In some cases, diagnostic imaging may be ordered to assist the doctor in arriving at a concise diagnosis. All imaging is done at an imaging center outside of this office.
The Value of X-Rays
Ordering X-Rays for patients with neck or back pain rarely provide diagnostic information that will positively alter the course or outcome of treatment. X-Rays should be ordered when:
- The patient has suffered some type of trauma.
- The patient has been in a motor vehicle accident.
- There is a need to rule out some type of pathological process such as fracture, infection, severe degeneration, or osteoporosis.
Discs, nerves, muscles, tendons, ligaments, and fascia are all soft tissues that do not show up on X-rays. These soft tissues are the cause of the majority of cases of back pain, but injuries and restrictions in these structures do not show up on X-rays.
The bottom line is that most routine X-rays of the spine provide little diagnostic value. The spinal abnormalities detected with X-rays often are variations of normal wear and have nothing to do with the symptoms that the patient is experiencing. It is the information gathered during the physical examination and history that shape the treatment plan.
The Value of MRI
MRI (Magnetic Resonance Imaging) uses radio waves and a strong magnetic field to provide clear and detailed pictures of internal organs and tissues. The MRI shows nerves, muscles, tendons, ligaments, and discs, as well as the bones of the body.
Under the right circumstances, MRI is a good diagnostic tool which can provide detailed information about the condition of the soft tissues. However, in most cases, MRIs are neither needed nor justified.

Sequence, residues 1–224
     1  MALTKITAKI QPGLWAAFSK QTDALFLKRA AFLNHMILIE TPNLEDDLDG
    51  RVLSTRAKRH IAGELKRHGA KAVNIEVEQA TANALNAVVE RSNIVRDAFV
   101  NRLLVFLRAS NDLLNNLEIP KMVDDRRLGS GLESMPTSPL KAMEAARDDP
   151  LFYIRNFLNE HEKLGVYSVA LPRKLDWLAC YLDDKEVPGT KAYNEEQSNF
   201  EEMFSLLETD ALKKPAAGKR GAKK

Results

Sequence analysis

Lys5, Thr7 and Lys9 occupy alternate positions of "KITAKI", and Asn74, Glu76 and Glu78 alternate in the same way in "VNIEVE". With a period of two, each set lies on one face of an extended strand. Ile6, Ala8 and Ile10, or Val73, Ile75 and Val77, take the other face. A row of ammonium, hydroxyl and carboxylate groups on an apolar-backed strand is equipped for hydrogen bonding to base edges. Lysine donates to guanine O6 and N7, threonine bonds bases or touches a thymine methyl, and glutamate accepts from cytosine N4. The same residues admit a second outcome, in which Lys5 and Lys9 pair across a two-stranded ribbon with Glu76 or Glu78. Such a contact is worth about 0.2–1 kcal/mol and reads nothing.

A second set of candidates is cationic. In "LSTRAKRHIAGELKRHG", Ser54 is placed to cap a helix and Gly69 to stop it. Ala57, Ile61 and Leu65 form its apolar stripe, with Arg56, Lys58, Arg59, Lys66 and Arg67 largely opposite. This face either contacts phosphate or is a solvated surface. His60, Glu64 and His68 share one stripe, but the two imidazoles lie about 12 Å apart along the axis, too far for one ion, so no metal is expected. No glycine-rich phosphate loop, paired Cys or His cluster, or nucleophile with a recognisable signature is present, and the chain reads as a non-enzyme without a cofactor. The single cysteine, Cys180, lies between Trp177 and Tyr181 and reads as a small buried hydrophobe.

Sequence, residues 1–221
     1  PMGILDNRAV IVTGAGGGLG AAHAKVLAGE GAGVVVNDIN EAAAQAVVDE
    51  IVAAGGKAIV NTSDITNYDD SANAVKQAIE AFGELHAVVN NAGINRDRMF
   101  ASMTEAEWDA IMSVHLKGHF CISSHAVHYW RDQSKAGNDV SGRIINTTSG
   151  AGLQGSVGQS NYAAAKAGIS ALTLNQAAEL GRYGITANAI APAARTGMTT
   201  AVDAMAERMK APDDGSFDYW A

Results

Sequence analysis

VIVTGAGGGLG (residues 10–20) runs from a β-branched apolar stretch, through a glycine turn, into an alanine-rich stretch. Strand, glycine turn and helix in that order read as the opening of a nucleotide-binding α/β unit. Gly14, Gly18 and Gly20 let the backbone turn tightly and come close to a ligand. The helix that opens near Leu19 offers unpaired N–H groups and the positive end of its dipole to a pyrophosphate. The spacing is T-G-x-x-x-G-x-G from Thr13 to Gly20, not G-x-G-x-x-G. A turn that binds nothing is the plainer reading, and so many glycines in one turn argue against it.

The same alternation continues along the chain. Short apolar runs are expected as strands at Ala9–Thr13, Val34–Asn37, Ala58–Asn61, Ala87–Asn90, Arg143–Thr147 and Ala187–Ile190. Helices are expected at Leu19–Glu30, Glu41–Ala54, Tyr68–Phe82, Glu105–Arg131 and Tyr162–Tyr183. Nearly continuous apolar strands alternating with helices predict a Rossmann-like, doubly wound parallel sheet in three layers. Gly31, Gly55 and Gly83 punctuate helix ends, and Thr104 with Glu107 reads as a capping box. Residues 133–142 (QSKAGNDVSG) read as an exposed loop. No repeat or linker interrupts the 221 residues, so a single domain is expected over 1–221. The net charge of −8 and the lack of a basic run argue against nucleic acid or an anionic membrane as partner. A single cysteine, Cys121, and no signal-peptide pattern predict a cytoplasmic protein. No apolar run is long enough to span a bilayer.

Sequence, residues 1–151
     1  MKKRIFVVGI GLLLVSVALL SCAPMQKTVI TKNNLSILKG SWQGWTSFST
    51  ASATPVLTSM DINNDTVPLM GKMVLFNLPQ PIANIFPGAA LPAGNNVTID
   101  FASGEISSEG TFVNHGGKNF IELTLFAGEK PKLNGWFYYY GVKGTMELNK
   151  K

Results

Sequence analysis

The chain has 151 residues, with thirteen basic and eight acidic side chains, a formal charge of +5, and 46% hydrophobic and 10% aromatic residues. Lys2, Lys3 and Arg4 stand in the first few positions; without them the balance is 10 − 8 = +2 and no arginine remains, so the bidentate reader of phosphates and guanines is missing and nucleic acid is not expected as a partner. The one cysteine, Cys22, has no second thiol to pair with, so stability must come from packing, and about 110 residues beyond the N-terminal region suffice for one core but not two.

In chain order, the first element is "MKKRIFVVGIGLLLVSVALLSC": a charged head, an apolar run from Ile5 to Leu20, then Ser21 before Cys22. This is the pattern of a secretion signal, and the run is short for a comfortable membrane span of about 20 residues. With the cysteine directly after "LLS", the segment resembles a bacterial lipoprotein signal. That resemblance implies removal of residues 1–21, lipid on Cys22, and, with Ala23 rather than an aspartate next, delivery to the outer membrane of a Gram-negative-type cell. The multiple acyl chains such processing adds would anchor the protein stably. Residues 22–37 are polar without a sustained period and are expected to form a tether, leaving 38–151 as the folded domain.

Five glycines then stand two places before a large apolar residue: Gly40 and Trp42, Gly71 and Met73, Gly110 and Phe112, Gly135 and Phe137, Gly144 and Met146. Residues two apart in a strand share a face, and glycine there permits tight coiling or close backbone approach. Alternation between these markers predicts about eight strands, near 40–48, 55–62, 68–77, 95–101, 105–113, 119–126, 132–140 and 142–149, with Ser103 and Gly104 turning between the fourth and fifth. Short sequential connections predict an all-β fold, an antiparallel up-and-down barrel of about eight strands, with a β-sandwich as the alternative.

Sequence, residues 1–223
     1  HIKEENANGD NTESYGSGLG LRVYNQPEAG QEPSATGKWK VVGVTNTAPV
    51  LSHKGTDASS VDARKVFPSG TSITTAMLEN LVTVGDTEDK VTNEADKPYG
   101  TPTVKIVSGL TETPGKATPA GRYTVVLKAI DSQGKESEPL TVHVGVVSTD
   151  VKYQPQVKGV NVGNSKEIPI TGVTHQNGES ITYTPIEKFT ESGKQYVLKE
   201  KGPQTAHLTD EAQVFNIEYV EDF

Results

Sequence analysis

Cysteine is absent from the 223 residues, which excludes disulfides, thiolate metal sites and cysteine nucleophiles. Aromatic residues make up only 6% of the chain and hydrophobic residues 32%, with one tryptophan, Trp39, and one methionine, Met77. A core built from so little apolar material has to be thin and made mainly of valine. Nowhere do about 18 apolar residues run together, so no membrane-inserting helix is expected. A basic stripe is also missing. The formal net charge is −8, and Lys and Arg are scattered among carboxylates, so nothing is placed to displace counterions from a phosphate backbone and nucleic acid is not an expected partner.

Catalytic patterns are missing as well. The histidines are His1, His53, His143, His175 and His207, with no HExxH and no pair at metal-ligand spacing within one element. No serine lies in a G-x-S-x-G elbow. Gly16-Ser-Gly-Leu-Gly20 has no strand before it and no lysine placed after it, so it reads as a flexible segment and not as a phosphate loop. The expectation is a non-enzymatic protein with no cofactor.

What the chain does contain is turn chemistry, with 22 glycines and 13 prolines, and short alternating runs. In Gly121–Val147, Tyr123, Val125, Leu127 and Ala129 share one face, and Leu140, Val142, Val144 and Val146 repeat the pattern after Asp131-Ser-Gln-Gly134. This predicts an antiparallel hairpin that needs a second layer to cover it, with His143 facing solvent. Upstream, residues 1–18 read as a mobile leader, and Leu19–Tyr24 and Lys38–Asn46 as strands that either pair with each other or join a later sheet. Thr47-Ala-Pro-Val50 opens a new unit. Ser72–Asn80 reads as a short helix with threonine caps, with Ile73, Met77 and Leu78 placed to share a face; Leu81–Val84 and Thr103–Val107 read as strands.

Again, as with x-rays, an abnormal finding on an MRI may be nothing more than an indication of the normal degenerative changes that occur due to aging. Many of these so-called abnormal findings are commonly found in people who have absolutely no back pain.
An MRI will give you a better picture, not necessarily a better diagnosis. For example, an MRI may show where a disc is protruding, but will not show the cause of the disc protrusion.
All MRI findings must be correlated with the symptom patterns and with the results of the physical examination. It is only when these readings correlate that the practitioner can be assured that his diagnosis correctly reflects the true problem.
The American College of Radiology (ACR) guidelines suggest MRI for people with possible spinal cord injury and clinical concern of cord compression, in those suspected of having ligamentous instability or suspected arterial injury.
Guidelines on MRI for low back pain is somewhat ambiguous. Fortunately, sufficient research exists to help guide the need for advanced imaging. As a general rule, scientific evidence advises against imaging patients with nonspecific low back pain within the first six weeks unless severe or progressive neurologic symptoms are present, or serious underlying conditions are suspected.
In fact, imaging (X-ray, MRI or CT scan) for low back pain without indications of serious underlying conditions does not improve patient results in the short term (less than three months) or long term (six months to a year). Therefore, the literature recommends that doctors refrain from routine, immediate imaging in patients with acute or subacute low back pain, unless they suspect a more serious underlying condition.
The results are similar for neck pain. In the absence of serious injury, a good clinical examination is better at ruling out structural lesions causing neurological symptoms.
Nevertheless, people worry when they experience new symptoms or their pain continues for a long period of time. This worry reinforces their desire for advanced imaging, as they believe it will help address their symptoms. This idea can ring true in many things, but not in the case of back and neck pain.
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